the personified sum and order of causes and effects; the powers which produce existing phenomena, whether in the total or in detail; the agencies which carry on the processes of creation or of being; -- often conceived of as a single and separate entity, embodying the total of all finite agencies and forces as disconnected from a creating or ordering intelligence
the established or regular course of things; usual order of events; connection of cause and effect
conformity to that which is natural, as distinguished from that which is artifical, or forced, or remote from actual experience
the sum of qualities and attributes which make a person or thing what it is, as distinct from others; native character; inherent or essential qualities or attributes; peculiar constitution or quality of being
hence: Kind, sort; character; quality
physical constitution or existence; the vital powers; the natural life
natural affection or reverence
constitution or quality of mind or character
to endow with natural qualities
Etymology: [F., fr. L. natura, fr. natus born, produced, p. p. of nasci to be born. See Nation.]
Nature, in the broadest sense, is equivalent to the natural world, physical world, or material world. "Nature" refers to the phenomena of the physical world, and also to life in general. It ranges in scale from the subatomic to the cosmic. The word nature is derived from the Latin word natura, or "essential qualities, innate disposition", and in ancient times, literally meant "birth". Natura was a Latin translation of the Greek word physis, which originally related to the intrinsic characteristics that plants, animals, and other features of the world develop of their own accord. The concept of nature as a whole, the physical universe, is one of several expansions of the original notion; it began with certain core applications of the word φύσις by pre-Socratic philosophers, and has steadily gained currency ever since. This usage was confirmed during the advent of modern scientific method in the last several centuries. Within the various uses of the word today, "nature" often refers to geology and wildlife. Nature may refer to the general realm of various types of living plants and animals, and in some cases to the processes associated with inanimate objects – the way that particular types of things exist and change of their own accord, such as the weather and geology of the Earth, and the matter and energy of which all these things are composed. It is often taken to mean the "natural environment" or wilderness–wild animals, rocks, forest, beaches, and in general those things that have not been substantially altered by human intervention, or which persist despite human intervention. For example, manufactured objects and human interaction generally are not considered part of nature, unless qualified as, for example, "human nature" or "the whole of nature". This more traditional concept of natural things which can still be found today implies a distinction between the natural and the artificial, with the artificial being understood as that which has been brought into being by a human consciousness or a human mind. Depending on the particular context, the term "natural" might also be distinguished from the unnatural, the supernatural, or synthetic.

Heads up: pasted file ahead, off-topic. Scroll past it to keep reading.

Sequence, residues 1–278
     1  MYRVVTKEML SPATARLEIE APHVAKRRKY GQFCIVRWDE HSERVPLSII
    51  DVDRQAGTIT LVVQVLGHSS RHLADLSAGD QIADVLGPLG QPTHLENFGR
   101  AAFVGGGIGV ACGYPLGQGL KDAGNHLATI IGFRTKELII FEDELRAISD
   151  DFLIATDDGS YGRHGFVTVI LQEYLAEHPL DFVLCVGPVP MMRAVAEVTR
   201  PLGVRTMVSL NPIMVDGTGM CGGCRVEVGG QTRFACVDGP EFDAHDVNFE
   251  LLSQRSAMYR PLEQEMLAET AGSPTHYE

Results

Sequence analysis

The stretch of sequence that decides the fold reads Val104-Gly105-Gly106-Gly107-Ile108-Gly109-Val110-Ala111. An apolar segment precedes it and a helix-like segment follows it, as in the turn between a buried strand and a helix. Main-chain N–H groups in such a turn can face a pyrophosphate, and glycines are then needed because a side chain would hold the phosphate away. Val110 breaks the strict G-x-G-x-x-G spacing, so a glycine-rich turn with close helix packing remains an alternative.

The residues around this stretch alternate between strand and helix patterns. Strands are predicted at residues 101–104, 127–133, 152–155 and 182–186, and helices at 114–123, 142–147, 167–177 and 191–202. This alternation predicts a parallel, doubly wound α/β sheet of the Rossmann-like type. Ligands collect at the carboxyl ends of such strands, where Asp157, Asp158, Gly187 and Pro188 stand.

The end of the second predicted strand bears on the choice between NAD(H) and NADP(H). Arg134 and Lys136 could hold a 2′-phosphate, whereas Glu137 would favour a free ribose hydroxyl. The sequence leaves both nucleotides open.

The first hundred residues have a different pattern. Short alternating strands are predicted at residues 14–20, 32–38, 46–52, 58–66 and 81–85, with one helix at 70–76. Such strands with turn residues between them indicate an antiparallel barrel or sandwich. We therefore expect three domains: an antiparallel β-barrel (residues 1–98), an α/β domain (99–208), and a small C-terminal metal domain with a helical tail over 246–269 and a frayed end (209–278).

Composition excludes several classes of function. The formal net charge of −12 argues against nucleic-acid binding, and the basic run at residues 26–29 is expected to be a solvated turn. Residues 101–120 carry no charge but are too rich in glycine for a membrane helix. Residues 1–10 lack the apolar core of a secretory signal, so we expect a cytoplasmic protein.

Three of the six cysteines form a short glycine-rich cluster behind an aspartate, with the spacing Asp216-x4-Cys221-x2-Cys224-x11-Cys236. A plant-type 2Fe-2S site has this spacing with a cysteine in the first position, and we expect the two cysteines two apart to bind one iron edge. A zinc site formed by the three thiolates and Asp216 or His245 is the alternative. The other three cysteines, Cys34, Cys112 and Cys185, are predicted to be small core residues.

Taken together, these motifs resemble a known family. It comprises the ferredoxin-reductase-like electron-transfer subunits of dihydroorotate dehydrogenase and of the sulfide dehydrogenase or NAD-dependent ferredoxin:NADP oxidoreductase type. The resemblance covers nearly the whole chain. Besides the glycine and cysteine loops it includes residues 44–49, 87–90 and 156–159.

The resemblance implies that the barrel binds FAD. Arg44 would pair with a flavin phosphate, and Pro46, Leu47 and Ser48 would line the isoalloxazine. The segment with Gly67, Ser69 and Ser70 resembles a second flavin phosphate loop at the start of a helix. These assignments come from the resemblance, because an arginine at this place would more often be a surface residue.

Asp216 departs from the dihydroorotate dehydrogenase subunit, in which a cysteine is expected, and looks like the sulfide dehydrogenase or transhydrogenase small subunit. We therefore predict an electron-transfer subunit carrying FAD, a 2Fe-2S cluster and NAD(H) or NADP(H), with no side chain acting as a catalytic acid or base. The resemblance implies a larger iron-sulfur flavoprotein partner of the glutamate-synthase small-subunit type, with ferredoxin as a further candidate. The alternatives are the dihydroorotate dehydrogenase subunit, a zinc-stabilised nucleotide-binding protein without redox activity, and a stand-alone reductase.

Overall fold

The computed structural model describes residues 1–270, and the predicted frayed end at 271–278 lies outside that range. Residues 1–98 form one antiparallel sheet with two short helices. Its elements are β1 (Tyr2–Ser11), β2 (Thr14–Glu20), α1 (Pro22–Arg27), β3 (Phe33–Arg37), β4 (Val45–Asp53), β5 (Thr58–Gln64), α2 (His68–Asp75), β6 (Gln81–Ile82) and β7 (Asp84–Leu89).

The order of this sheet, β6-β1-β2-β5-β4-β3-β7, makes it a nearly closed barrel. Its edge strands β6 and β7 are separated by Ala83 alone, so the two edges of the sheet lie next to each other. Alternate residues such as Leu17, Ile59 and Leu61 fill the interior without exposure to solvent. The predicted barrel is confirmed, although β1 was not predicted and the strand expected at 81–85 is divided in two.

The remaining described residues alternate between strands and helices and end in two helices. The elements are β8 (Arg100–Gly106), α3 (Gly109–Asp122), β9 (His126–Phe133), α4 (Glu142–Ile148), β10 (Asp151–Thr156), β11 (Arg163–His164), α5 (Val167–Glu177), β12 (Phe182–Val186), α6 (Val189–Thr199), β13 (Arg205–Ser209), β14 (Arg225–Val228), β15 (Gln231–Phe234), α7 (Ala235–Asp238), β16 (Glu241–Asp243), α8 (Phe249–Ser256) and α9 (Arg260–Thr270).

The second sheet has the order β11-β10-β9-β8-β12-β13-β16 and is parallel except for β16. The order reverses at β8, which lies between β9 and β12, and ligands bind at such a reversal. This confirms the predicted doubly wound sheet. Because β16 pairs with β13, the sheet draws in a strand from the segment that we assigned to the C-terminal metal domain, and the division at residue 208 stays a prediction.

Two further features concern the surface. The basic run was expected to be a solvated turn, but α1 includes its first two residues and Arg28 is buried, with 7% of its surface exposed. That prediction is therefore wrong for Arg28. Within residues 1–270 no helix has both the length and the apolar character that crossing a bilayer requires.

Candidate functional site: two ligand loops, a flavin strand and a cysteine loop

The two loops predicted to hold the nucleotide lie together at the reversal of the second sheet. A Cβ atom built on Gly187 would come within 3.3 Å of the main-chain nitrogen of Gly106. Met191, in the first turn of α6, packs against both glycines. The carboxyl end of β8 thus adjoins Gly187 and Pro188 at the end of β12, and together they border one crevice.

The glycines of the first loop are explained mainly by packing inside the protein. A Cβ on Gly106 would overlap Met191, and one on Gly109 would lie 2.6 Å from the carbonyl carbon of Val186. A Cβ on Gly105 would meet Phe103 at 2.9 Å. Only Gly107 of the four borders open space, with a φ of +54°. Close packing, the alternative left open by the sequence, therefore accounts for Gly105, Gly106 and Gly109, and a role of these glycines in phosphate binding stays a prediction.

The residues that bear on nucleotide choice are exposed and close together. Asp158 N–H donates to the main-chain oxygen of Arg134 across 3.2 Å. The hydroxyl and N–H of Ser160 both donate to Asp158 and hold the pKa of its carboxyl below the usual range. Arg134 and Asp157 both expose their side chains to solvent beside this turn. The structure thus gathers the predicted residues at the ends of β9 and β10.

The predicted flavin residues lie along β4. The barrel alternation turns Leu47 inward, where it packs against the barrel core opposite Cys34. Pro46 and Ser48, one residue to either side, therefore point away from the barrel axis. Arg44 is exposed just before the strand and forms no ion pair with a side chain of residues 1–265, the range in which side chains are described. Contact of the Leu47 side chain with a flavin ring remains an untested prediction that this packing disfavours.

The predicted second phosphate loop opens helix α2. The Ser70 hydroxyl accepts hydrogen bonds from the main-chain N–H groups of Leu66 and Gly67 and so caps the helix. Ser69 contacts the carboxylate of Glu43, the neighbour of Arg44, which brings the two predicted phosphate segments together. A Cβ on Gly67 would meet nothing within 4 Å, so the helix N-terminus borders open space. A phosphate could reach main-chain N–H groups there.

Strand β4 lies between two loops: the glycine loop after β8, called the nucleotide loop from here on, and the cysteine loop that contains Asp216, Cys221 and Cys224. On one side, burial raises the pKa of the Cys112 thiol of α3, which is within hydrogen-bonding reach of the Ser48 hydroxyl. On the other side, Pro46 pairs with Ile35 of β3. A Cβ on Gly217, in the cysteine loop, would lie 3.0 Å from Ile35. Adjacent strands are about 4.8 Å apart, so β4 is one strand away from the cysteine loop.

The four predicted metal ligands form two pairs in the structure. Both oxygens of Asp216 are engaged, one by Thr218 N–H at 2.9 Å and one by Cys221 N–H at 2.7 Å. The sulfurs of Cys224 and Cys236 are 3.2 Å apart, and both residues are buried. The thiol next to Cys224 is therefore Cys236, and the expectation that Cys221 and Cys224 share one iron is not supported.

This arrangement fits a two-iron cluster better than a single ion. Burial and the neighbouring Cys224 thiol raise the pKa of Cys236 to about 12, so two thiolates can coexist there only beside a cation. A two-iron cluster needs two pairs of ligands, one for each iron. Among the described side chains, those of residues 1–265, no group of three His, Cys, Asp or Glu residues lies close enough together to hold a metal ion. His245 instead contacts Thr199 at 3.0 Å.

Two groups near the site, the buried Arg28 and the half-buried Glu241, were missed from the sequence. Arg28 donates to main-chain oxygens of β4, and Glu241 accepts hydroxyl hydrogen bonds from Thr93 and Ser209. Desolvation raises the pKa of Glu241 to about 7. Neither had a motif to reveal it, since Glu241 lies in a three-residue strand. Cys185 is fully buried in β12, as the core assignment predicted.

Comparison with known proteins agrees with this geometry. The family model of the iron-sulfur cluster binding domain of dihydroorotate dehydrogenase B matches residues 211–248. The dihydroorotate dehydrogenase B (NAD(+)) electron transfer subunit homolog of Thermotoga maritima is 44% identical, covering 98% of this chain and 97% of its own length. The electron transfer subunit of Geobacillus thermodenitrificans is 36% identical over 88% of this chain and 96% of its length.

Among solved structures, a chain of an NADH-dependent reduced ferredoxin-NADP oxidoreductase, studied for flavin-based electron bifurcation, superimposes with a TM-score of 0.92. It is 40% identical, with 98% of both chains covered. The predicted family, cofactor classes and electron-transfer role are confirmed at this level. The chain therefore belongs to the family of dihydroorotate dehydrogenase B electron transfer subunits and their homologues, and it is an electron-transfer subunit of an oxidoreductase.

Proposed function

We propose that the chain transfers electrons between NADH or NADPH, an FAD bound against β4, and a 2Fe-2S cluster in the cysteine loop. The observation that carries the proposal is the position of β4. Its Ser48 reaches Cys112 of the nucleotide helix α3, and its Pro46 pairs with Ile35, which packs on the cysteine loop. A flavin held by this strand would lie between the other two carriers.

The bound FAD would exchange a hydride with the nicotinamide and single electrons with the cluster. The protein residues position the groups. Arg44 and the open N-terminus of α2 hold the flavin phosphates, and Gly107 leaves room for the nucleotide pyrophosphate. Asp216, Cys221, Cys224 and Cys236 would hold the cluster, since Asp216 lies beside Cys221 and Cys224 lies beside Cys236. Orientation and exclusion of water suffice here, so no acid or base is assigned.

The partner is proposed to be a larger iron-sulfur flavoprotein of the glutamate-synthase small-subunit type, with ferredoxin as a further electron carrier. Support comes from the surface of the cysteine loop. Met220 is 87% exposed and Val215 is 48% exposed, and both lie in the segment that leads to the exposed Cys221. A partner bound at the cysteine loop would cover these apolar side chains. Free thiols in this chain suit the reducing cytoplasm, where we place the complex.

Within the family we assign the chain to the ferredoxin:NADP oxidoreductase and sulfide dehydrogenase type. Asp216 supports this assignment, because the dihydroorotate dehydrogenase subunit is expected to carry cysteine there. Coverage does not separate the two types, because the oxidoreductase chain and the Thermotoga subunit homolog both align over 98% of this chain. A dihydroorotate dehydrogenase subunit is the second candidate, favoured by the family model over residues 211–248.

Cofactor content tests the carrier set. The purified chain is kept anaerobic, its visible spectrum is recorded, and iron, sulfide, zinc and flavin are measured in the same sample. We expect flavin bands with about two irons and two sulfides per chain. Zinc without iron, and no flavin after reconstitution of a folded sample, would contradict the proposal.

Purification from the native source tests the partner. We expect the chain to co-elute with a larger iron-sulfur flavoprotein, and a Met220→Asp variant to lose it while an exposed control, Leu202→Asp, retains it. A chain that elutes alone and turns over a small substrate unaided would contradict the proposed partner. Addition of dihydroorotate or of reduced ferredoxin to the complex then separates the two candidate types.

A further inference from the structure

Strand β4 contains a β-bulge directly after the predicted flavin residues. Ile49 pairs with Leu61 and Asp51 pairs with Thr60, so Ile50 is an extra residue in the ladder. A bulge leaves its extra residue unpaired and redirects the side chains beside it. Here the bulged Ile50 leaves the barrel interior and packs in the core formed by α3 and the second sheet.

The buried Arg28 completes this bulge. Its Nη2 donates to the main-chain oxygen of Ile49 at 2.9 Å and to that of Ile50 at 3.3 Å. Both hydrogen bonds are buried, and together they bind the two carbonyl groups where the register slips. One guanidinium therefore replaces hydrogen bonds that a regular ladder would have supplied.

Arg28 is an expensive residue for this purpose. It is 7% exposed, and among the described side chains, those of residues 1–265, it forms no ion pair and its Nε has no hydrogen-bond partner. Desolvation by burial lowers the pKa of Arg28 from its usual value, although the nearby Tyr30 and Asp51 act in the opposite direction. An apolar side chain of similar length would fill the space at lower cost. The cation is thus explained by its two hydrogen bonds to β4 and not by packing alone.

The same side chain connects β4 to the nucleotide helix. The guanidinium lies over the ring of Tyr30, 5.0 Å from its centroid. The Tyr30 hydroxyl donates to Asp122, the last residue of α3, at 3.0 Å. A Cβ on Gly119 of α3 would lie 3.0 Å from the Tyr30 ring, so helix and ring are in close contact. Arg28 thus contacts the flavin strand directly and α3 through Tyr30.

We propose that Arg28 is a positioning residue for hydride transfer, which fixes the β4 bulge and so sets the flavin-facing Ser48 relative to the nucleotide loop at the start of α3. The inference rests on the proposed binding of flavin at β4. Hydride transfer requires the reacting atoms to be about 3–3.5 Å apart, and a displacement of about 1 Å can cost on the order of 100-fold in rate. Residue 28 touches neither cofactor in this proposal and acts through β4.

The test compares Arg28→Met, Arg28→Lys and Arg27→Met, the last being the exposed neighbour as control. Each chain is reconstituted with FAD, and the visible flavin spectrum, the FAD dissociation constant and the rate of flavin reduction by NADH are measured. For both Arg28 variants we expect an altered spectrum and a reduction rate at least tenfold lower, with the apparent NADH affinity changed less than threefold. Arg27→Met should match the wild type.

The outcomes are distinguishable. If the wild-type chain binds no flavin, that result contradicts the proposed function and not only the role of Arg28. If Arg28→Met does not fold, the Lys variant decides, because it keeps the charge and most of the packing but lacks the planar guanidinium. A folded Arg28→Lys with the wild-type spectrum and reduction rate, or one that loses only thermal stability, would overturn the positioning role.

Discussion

Chambers 20th Century Dictionary
nā′tūr, n. the power which creates and which regulates the material world: the power of growth: the established order of things, the universe: the qualities of anything which make it what it is: constitution: species: conformity to nature, truth, or reality: inborn mind, character, instinct, or disposition: vital power, as of man or animal: course of life: nakedness: a primitive undomesticated condition.—adj. Nā′tured, having a certain temper or disposition: used in compounds, as good-natured.—ns. Nā′ture-dē′ity, a deity personifying some force of physical nature; Nā′ture-myth, a myth symbolising natural phenomena; Nā′ture-print′ing, the process of printing in colours from plates that have been impressed with some object of nature, as a plant, leaf, &c.; Nā′ture-wor′ship, Nā′turism, worship of the powers of nature.—n. Nā′turist.—adj. Naturist′ic.—Debt of nature, death; Ease, or Relieve, nature, to evacuate the bowels. [Fr.,—L. natura—nasci, natus, to be born.]